fact that every Saturday (except for week two of this season, one of the
biggest duds in the sport's long history) offers numerous success
stories that hit the heartstrings in different places and from various
angles. It's not just the multiplicity of magical moments that inspires
those of us who watch this sport for a living (and believe me, watching
Iowa-Michigan State or Hawaii-Fresno State or Missouri-Nebraska for a
living is not fun; when the quality of play is poor or the matchup
doesn't sizzle, this generally wonderful job can be a downright chore).
College ball, unlike the NFL brand, sings and soars because of the
different identities, the unique regional portraits of passion and
pride, that emerge around the country every Autumn.
This past weekend offered many glimpses of gridiron glory, but the
flavor of each victory was definitely not the same at each program.
Ohio State proudly defended its Big Ten title at Wisconsin, setting up a
15-round heavyweight title bout vs. Penn State on Oct. 25. In Columbus,
conference crowns are expected, but after sweating out a close one in
Madison, perhaps Buckeye fans will appreciate how admirably consistent
their team has been over the past several seasons. (And perhaps OSU's
most ferocious critics will man up and give Mister Sweater Vest a little
For Vanderbilt, success is always expected in the classroom and in the
world's most noble professions... but not on the gridiron. The sweet
nectar of victory that's being imbibed by a parched Commodore Nation
carries a taste quite different from the brew being downed by Buckeye
The state of Ohio would have a collective coronary if forced to endure
anything close to what Vandy football fans have experienced for the past
26 years. Commodores of all ages would give their right arm and their
left leg--but not a decline in test scores or academic credentials--to
win 10 games and play a January bowl game in just one season. Even 7-5
with a bowl victory would do wonders for Nashville's Little Engine That
Illinois also registered a special victory on Saturday. No, the Illini
won't make a BCS bowl, but a decisive triumph at Michigan--a stadium
Wisconsin couldn't conquer the week before--showed that Ron Zook's
program has attained a measure of staying power in the Big Ten. For a
program that had been at the very bottom a few short seasons ago, an
upper-division conference finish, with a solid 8-4 record and a chance
at the Outback Bowl, is something to be cherished, not panned.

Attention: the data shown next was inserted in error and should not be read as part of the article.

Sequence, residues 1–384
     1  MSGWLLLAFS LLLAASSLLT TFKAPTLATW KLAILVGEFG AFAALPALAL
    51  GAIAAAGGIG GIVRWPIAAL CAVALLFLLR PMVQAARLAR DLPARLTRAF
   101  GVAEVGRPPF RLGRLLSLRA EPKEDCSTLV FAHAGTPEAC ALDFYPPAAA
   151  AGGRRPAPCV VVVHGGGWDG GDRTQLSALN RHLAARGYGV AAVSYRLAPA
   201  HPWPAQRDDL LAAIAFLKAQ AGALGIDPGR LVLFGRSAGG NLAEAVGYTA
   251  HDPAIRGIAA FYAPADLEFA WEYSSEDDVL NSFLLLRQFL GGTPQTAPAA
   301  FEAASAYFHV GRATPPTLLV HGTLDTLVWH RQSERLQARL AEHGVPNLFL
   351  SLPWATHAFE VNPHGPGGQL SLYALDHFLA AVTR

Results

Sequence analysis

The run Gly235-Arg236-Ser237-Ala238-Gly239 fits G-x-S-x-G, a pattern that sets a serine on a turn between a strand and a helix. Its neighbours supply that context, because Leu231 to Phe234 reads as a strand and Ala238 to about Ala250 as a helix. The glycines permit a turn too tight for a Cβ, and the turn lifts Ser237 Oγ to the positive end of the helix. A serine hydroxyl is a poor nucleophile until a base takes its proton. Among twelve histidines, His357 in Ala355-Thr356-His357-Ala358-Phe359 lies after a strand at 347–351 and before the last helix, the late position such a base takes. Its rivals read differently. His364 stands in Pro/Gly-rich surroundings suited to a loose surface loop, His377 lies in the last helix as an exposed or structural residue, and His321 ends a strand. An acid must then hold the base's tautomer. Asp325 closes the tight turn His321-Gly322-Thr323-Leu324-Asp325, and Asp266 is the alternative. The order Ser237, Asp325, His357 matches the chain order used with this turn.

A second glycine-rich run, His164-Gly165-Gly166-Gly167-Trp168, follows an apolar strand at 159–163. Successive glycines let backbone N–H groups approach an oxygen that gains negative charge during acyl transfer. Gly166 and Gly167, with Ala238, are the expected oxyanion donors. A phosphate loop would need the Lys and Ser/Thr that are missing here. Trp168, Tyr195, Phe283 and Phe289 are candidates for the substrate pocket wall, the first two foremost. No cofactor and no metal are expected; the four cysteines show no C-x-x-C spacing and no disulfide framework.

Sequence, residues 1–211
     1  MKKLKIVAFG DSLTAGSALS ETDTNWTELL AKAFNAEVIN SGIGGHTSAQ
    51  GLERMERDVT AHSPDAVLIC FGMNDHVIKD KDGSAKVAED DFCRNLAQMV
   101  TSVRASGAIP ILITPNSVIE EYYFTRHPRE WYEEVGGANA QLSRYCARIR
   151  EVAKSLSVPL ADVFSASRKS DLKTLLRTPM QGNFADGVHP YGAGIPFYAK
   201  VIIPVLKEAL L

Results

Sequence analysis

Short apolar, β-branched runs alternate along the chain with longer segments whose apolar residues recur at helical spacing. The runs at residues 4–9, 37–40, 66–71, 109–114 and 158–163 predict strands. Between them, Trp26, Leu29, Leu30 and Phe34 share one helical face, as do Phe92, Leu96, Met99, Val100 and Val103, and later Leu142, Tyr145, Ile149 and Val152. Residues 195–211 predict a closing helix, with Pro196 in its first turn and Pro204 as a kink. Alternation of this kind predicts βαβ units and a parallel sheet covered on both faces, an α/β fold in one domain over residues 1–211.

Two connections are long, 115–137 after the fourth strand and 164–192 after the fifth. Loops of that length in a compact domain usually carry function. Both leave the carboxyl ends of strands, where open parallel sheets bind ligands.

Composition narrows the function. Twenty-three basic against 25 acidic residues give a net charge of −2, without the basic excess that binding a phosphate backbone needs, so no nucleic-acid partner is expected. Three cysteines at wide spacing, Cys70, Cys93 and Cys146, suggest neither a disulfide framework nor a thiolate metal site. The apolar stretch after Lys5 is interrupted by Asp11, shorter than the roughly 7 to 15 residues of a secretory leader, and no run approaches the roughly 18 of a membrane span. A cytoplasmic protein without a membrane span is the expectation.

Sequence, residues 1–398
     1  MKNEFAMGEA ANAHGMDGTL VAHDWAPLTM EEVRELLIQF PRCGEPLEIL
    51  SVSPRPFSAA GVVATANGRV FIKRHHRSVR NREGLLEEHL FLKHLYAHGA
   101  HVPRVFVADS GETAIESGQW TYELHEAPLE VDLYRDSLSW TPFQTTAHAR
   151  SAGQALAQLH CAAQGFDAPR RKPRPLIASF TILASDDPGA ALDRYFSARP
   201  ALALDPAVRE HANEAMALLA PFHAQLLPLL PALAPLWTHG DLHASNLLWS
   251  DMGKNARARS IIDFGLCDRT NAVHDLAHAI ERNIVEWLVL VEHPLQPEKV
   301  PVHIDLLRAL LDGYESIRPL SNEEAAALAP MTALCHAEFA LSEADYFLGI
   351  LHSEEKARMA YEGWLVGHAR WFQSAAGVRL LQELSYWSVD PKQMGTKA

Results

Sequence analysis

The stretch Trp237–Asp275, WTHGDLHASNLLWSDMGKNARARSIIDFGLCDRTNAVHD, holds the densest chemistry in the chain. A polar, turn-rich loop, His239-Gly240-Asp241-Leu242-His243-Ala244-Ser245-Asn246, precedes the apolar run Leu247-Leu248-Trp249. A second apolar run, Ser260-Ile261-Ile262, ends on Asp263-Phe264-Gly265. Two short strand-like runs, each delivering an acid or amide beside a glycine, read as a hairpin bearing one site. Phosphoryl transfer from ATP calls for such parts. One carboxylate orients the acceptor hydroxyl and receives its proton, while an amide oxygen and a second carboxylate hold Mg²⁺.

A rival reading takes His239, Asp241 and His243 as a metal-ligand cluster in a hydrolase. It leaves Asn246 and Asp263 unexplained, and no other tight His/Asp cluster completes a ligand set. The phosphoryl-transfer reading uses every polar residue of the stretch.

Victory and success, as you can plainly see, acquire different tones and
textures for various teams. It's why no two programs--or wins--are
created equal in this sport. Fans on opposite sides of various divides
would do well to walk in another program's shoes every now and then.
Don't Call It A Rebuilding Year.
O.K., Call It A Rebuilding Year.
Illinois 45, at Michigan 20
52, at Nebraska 17
nothing like the have-nots beating up the haves. I’m not
talking about a perennial down-and-outer coming through with
a miracle and squeaking by a good team as they play in front
of their rabid fans at home. No, this has nothing to do with
a last-minute field goal or a miracle goal line stand.
goes on the road to Michigan and overwhelms the Wolverines
with a huge second-half performance. Missouri goes into
Lincoln and smacks the Cornhuskers around for 60 minutes.
Neither one of these wins were flukes. Illinois has an
accomplished offense with Juice Williams at the controls and
some issues on defense but those issues were invisible
against Steven Threet and his crew of Maize and Blue
are an unstoppable force on offense with future NFL star
Chase Daniel and WR Jeremy Maclin leading the way and the
Tigers handed Nebraska its worst home defeat in 53 years.
trends continue? Possibly. But whether they do or not,
there’s something reassuring about a major turnaround. Maybe
life is fair after all and those that work hard will finally
get their rewards. You think that for about five seconds and
then realize that the Chicago Cubs are now working on their
second century of futility. Life will always hit back in one
way or another.